Ed. Note: This article was turned down for publication at the Rapid City Journal, where the author's columns usually appear. Reasons cited included that the events happened decades ago.
For most people, memories of their first days of school are often blurred images kept alive by stories passed on over the years at family gatherings.
But for tens of thousands of Native Americans, memories of their early school days are nightmares they’ve relived throughout their lives.
This is, of course, courtesy of Christian missionaries and the federal government who both felt “something” needed to be done about “the Indian problem”. Yes, it does smack reminiscent of Germany’s Little Corporal.
In the case of the Christians, the goal was to “save the pagan savages” and bring them into the fold of Jesus. A noble calling, I suppose, but I’ve always questioned the mindset of beating religion into someone. Automatically brings that “what would Jesus do” question right into the equation.
From the federal government side, the goal was to completely eradicate all traces of Native American cultures - something already attempted for centuries, and quite successfully from a genocidal point of view.
The problem was there were still too many of those “redskins” around – and they had all these kids to keep the cultures going.
Enter the boarding school system, which Native American children would be forced to attend and where they would be “assimilated” into the dominant Western European culture.
The methods used to achieve that result were quite a bit removed from the primary definition of the word: to take in, incorporate as one’s own; absorb. Unless the parallel is: to absorb; as to soak up blood from a large, open wound.
And that’s what Native American children received: wounds upon their bodies, their minds and their souls. Wounds that, for many, would never heal.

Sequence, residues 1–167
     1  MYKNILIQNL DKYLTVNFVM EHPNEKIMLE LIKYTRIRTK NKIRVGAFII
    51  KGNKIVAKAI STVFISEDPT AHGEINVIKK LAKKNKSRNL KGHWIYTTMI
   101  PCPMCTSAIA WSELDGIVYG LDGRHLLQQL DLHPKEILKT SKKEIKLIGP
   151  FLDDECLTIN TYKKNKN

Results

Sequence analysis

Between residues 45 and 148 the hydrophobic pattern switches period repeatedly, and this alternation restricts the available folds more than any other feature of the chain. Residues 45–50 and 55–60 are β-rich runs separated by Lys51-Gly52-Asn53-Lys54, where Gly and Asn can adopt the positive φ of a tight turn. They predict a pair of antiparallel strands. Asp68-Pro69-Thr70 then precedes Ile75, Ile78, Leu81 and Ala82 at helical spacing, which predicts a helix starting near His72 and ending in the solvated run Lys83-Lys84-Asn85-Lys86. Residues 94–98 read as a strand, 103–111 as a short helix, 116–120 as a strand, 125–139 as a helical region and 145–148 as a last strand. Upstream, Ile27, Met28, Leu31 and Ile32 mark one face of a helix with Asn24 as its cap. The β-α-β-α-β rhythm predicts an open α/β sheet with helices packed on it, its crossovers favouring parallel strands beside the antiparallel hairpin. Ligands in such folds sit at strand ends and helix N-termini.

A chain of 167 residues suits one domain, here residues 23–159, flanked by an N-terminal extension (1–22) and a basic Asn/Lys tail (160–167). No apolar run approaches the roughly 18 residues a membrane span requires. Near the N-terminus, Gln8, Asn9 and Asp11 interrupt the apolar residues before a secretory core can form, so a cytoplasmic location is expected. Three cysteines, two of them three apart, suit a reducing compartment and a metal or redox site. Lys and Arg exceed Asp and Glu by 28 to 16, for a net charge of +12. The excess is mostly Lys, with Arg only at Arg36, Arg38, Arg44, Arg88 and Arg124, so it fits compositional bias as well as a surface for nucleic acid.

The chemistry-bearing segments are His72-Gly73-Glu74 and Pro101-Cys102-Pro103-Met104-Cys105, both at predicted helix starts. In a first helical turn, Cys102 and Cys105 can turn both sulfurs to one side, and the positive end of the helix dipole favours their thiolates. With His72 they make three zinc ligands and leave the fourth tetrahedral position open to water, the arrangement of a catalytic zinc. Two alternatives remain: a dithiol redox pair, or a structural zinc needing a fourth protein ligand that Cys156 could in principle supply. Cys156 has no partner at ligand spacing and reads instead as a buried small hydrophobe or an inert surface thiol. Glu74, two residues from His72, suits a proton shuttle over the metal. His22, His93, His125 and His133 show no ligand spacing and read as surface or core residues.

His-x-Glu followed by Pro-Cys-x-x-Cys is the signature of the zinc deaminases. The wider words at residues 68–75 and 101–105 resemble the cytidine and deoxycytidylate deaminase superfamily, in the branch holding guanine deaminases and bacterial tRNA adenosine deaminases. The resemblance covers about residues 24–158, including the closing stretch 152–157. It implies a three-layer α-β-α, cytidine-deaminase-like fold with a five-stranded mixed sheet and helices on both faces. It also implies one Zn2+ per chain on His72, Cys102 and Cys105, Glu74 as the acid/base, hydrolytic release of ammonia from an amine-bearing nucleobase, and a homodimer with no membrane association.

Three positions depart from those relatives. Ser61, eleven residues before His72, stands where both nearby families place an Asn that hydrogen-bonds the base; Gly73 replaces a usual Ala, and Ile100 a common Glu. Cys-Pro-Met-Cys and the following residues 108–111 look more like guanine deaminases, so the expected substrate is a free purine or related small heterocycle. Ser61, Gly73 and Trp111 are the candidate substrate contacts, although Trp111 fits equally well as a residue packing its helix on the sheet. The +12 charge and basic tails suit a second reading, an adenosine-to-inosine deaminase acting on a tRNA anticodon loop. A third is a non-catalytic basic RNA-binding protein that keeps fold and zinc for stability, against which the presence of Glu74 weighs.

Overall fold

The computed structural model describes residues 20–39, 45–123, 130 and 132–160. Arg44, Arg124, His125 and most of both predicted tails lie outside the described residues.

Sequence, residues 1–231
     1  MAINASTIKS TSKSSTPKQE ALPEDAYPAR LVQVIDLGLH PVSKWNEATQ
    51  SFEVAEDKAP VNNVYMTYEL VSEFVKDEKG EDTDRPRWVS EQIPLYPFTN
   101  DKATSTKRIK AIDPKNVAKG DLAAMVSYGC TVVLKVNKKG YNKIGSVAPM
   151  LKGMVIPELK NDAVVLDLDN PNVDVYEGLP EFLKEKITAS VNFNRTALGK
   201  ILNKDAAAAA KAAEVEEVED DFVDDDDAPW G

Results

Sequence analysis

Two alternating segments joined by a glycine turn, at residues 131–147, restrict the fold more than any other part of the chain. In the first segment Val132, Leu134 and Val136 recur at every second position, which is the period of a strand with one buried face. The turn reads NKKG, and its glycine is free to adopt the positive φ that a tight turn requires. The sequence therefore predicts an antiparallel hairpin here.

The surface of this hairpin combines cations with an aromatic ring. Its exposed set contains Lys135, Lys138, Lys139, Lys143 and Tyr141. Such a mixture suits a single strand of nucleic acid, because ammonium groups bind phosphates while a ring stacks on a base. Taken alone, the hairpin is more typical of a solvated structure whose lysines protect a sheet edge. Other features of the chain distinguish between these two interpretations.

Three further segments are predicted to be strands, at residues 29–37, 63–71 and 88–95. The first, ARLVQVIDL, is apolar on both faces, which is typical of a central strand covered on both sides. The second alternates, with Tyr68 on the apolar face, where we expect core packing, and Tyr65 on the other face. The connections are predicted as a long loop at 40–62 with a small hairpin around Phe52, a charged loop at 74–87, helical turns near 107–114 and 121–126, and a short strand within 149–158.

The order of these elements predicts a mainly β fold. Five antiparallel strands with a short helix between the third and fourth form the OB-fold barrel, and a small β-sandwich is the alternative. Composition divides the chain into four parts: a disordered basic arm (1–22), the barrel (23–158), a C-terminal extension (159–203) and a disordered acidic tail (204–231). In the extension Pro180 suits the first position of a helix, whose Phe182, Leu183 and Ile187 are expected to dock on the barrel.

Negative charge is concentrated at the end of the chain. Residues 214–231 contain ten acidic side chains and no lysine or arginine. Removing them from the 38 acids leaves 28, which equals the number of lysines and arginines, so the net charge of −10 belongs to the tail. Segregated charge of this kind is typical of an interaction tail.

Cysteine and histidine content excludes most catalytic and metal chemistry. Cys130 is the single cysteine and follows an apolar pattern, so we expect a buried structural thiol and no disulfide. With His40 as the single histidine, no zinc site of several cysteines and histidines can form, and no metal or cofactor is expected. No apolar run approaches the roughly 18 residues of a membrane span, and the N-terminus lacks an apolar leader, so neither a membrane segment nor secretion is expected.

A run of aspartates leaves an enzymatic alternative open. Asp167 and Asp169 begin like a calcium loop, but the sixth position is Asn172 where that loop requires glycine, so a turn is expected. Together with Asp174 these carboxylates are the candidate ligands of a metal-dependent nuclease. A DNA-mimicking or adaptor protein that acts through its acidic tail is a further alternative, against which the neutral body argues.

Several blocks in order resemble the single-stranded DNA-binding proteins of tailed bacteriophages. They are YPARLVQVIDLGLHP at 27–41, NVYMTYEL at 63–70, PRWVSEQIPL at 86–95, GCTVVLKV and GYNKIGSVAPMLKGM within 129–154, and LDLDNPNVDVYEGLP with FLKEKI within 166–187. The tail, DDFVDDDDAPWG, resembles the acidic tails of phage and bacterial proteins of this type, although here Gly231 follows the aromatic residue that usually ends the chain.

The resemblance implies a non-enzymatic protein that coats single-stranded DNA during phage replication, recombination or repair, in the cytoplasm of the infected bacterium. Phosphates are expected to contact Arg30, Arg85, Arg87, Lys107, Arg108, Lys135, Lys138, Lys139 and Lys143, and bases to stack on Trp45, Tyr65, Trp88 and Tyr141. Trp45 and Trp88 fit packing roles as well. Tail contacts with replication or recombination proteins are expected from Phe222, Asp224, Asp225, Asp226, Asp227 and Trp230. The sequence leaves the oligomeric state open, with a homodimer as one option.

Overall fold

Upon their arrival at any of the dozens of boarding schools established across the country their hair was cut (a violation of most traditional Native American beliefs, especially among the Plains tribes), they were given uniforms to wear instead of their own clothing, their birth names were replaced with European-American names and they were forbidden to speak their native languages.
These regulations, often enforced with severe discipline that included physical and emotional abuse – and more, resulted in what some in the medical field now refer to as “Complex Post Traumatic Stress Disorder”. The condition comes as a result of suffering abuse for months, or years, and particularly impacts children whose personalities are still forming during this abuse.
It’s no surprise the boarding school system would follow such a path, having been created by U.S. Army Captain Richard Pratt – a man who supported Gen. Philip Sheridan’s comment that the only good Indian is a dead Indian. Pratt added a slight caveat by noting “all the Indian there is in the race should be dead. Kill the Indian in him, and save the man."
This topic came up recently while talking with a Lakota friend about “The Thick Dark Fog” – a documentary centered on the impacts the boarding school system had on one Lakota man: Walter Littlemoon, who – even as an elder, has trouble talking about that time in his life.
Having experienced the waning days of the strict Catholic school system, I’ve often told people that all those years with the nuns prepared me for Marine Corps boot camp.
For many Native Americans, the boarding school system mostly served to prepare them for reliving their abuses - over and over again.
Published: Monday, 1 October 2012